Nokia Lumia 800 review

Since leaving the world of iOS in February 2010 I’ve not managed to settle in anywhere else. The HD7 I tried first was exciting to begin with but quickly became frustrating due to the lack of decent apps and the limitations of the pre-Mango Windows Phone operating system. After that it was a visit to the world of rooting and constant flashing with Android, thanks to the Samsung Galaxy S. TO be fair, the unofficial CyanogenMod builds of Ice Cream Sandwich were starting to look very good, but the hardware wasn’t proving very durable.

When pictures first appeared of the Nokia Lumia range of phones, I was really taken in. The Lumia range consists of two new handsets – the entry-level 710 and the premium 800. It was actually preview pictures for the Lumia 900 some months later that got me thinking about getting another WP7 handset. The design of the handset was something I found really appealing, and even though I had ditched it once already, I remembered quite a few aspects of WP7 that I really liked. So I sold the Galaxy S and traded up to a second-hand Lumia 800 in as-new condition. The decision to go with the 800 rather than wait for the 900 was mainly because I found the 4.3″ HD7 phone a but unwieldy to use in practice and thought the Lumia 900 would have the same issue.

Initial impressions of the Lumia 800 were good – the combination of a very high quality piece of hardware design and the stylish Metro user interface do work very well together.  I believe that after the iPhone, the Lumia 800 is the best phone on the market today for design and build quality. The case and curved glass screen have a real quality feel – unlike HTC phones there’s no hollow clacking noise when you tap the screen with your fingernail. The Lumia glass is much thicker and feels super-smooth to glide your finger over. The bright tiles of the Start screen look amazing on the rich black background, and it’s often impossible to see where the case ends and the screen starts. Turn on the screen and put the phone down at the side of you and it can be a little bit surreal to look at – the way the bright interface elements glow from the deep black laminated screen is really eye-catching. You can see effect to some extent in the main picture at the top of this post. The effect is probably more noticeable on black phones rather than the blue/pink/white colours.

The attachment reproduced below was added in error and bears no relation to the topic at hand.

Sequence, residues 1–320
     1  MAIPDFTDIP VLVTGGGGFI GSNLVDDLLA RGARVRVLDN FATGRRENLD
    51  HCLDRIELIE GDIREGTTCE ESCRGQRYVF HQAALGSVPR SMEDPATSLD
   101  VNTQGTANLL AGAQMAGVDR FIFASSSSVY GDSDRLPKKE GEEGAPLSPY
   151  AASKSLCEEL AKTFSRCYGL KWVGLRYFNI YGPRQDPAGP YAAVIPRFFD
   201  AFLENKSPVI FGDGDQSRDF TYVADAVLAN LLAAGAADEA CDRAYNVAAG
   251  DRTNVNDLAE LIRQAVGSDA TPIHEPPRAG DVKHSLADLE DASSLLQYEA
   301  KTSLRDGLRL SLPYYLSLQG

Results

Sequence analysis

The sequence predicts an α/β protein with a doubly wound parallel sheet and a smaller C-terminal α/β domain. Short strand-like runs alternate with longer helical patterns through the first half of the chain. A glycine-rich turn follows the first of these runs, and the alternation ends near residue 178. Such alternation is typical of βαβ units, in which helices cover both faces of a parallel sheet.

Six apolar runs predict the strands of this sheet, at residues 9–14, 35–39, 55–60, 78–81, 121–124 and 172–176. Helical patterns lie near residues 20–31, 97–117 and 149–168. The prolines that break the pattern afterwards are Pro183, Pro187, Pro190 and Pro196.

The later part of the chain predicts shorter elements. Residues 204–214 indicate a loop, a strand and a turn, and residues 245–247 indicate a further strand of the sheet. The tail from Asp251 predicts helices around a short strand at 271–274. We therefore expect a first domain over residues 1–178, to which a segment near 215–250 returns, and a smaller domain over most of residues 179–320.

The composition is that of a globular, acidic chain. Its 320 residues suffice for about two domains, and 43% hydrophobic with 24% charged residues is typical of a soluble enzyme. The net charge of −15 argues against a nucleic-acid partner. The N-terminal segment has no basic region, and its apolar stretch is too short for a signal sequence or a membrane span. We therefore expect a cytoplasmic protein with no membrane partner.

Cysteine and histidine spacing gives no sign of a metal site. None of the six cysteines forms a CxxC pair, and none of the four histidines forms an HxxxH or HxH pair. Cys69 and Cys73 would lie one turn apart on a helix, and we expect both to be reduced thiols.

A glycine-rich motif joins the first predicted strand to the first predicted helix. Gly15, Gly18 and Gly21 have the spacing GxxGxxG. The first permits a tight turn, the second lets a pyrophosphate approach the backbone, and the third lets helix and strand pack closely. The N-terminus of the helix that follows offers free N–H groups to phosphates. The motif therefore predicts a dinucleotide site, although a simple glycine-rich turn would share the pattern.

A less impressive aspect of the phone was the well-publicised firmware issues that did their best to ruin the ownership experience. Terrible battery life due to a power drain problem meant that the phone wouldn’t last a day even when hardly used, and music playback quality through the headphone socket was very disappointing. Both of these issues are now fixed – battery life is much improved although still not brilliant, but audio quality through my Sennheiser earphones is excellent – noticeably better than the iPhone 4 and a bit better than my Galaxy S.

Other reviews have criticised the folding door that covers the power socket, which is understandable because it looks easy to break and could be considered inconvenient. Personally, it hasn’t bothered me. I am more bothered by the amount of buttons down the right hand side of the phone – in practice is not as bad as it might look but can be cumbersome. The fact that Microsoft dictate there must be a physical camera button is annoying when on-screen buttons work perfectly well.